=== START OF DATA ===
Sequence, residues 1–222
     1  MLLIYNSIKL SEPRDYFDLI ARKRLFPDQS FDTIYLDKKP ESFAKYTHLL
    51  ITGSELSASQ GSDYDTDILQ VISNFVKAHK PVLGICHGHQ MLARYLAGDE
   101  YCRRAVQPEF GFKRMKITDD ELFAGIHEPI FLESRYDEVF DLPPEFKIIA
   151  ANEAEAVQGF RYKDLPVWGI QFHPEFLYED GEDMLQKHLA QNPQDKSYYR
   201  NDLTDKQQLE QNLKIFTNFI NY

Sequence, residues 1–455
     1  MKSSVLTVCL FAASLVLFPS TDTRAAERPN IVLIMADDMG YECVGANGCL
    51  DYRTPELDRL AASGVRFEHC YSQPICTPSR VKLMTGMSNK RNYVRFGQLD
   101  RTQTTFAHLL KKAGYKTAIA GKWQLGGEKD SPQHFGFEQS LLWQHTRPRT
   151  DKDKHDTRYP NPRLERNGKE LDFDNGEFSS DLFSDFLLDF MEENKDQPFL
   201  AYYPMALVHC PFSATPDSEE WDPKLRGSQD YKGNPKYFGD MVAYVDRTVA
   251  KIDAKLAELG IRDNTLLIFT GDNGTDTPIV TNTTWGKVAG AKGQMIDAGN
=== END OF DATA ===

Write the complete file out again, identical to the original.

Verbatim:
Sequence, residues 1–222
     1  MLLIYNSIKL SEPRDYFDLI ARKRLFPDQS FDTIYLDKKP ESFAKYTHLL
    51  ITGSELSASQ GSDYDTDILQ VISNFVKAHK PVLGICHGHQ MLARYLAGDE
   101  YCRRAVQPEF GFKRMKITDD ELFAGIHEPI FLESRYDEVF DLPPEFKIIA
   151  ANEAEAVQGF RYKDLPVWGI QFHPEFLYED GEDMLQKHLA QNPQDKSYYR
   201  NDLTDKQQLE QNLKIFTNFI NY

Sequence, residues 1–455
     1  MKSSVLTVCL FAASLVLFPS TDTRAAERPN IVLIMADDMG YECVGANGCL
    51  DYRTPELDRL AASGVRFEHC YSQPICTPSR VKLMTGMSNK RNYVRFGQLD
   101  RTQTTFAHLL KKAGYKTAIA GKWQLGGEKD SPQHFGFEQS LLWQHTRPRT
   151  DKDKHDTRYP NPRLERNGKE LDFDNGEFSS DLFSDFLLDF MEENKDQPFL
   201  AYYPMALVHC PFSATPDSEE WDPKLRGSQD YKGNPKYFGD MVAYVDRTVA
   251  KIDAKLAELG IRDNTLLIFT GDNGTDTPIV TNTTWGKVAG AKGQMIDAGN